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Vision Pro display delays may get solved by China suppliers

The Vision Pro's OLED displays are expensive and difficult to manufacture

Last updated

Apple may be running into problems with screen supplies for the Apple Vision Pro, and it is reportedly looking to vendors in china for answers.

The complexity of the displays in Apple Vision Pro and the difficulty of manufacturing them in sufficient qualities was said to mean Apple slashed its orders for 2024. The only previously known manufacturer, Sony, also reportedly refused to increase its production capacity for the screens.

According to The Information, however, Apple is now testing Vision Pro displays produced by two more companies. One of them, SeeYa Technology, appears be a new supplier.

The other, BOE, has a long history of working with Apple on displays for the iPhone. It's not been the happiest history, but the company has seen increased orders from Apple during 2023.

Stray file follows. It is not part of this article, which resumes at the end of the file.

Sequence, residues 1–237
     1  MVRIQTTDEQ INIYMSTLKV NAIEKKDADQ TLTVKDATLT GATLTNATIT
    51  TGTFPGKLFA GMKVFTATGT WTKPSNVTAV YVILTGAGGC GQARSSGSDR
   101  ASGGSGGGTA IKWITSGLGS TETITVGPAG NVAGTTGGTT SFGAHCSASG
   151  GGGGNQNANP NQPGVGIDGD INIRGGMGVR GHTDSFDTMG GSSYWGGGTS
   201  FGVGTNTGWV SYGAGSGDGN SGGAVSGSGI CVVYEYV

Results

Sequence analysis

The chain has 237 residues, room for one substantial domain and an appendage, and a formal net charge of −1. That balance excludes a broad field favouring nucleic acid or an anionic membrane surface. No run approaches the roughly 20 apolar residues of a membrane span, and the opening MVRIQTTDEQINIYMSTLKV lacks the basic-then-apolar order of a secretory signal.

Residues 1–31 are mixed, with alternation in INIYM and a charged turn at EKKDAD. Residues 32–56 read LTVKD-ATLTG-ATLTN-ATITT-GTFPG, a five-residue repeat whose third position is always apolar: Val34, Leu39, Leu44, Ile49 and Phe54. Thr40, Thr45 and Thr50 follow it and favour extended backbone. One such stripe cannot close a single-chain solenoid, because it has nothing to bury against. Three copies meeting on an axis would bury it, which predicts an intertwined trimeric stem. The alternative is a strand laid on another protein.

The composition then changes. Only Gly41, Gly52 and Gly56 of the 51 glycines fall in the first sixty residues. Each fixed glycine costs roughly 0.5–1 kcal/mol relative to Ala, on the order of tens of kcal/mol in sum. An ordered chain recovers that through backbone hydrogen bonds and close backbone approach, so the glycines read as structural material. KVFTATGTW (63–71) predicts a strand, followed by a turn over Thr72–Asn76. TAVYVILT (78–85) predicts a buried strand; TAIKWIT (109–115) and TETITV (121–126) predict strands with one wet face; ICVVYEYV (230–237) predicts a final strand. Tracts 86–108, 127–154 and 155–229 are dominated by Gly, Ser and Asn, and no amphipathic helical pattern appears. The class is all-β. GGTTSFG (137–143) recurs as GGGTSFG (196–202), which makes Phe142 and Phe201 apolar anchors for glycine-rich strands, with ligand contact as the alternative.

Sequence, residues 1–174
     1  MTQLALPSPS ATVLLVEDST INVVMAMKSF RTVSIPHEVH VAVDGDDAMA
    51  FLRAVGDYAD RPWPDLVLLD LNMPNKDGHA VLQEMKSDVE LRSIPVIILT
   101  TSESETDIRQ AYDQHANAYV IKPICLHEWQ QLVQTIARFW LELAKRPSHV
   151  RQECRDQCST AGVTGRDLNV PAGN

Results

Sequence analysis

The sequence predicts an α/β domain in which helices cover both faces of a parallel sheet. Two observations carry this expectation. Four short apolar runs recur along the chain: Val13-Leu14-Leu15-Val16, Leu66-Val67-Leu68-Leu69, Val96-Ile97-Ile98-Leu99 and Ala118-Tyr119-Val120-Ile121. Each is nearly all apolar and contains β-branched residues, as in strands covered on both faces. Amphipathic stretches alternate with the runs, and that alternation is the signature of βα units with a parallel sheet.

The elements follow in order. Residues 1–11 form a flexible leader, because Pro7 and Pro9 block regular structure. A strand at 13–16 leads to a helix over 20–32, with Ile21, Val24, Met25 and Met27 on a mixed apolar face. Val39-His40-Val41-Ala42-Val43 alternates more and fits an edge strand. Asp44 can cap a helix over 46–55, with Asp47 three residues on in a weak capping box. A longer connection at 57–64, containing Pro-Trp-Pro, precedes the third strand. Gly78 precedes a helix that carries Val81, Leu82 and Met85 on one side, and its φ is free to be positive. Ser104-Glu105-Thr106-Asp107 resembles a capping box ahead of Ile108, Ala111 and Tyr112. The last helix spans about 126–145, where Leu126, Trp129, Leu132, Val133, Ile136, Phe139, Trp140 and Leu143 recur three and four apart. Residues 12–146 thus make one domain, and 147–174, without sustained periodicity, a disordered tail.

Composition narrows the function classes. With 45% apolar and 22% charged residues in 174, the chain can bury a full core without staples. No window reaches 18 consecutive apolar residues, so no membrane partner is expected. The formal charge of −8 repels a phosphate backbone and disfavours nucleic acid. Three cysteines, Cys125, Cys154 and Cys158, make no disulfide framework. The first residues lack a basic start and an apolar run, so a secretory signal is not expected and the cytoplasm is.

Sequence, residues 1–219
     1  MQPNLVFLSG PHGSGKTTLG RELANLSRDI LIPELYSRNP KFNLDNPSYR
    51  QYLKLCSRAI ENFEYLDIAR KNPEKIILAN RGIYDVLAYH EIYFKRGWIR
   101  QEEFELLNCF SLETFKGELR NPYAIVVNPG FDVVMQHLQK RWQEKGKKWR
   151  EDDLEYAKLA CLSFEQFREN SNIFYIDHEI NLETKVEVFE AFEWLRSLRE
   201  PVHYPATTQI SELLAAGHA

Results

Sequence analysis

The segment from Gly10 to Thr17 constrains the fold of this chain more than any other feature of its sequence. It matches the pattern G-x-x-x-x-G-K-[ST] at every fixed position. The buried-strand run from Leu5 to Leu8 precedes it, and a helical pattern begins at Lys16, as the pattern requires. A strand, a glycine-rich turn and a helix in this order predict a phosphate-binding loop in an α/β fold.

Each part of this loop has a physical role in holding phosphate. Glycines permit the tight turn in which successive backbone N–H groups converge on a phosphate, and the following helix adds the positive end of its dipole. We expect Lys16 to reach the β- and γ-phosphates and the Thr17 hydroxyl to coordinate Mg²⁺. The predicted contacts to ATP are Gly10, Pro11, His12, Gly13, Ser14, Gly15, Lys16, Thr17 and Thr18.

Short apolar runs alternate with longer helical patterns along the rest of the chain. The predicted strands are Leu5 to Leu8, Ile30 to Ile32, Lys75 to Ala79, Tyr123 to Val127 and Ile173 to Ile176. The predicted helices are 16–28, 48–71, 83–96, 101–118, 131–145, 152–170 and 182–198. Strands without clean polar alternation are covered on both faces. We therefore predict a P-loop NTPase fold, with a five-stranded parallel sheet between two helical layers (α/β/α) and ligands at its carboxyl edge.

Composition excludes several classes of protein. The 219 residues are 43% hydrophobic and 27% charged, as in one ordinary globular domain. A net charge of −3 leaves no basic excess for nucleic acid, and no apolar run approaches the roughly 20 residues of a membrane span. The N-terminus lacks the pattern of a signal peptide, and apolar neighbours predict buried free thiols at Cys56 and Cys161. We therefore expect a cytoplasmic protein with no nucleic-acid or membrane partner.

Reportedly, the new suppliers of the displays may not mean that Apple's Vision Pro orders increase at first. Two unspecified sources told The Information that BOE and SeeYa were being considered for future models of the Vision Pro.

One source told The Information that Apple is evaluating the two companies for providing displays for both later models of Vision Pro, and its lower-cost headset known internally as N109.

The current model uses micro OLED technology which is difficult to produce in volume. However, China's government has directly supported both BOE and SeeYa in their investment into micro OLED factories, with BOE reportedly receiving $750 million.

For its part, SeeYa Technology was founded in 2016 to make micro OLED screens. At that point, it was aiming to produce 20 million such displays annually by 2020, and was investing $275 million to do so.

It's not clear how much of that investment came from the Chinese government, nor whether SeeYa Technology has achieved that ambition.

To be considered for providing displays, BOE and SeeYa will be undergoing stringent quality-control tests by Apple. It's not the first such testing BOE has gone through, though previously that company was later stopped from producing iPhone screens after making an authorized design change.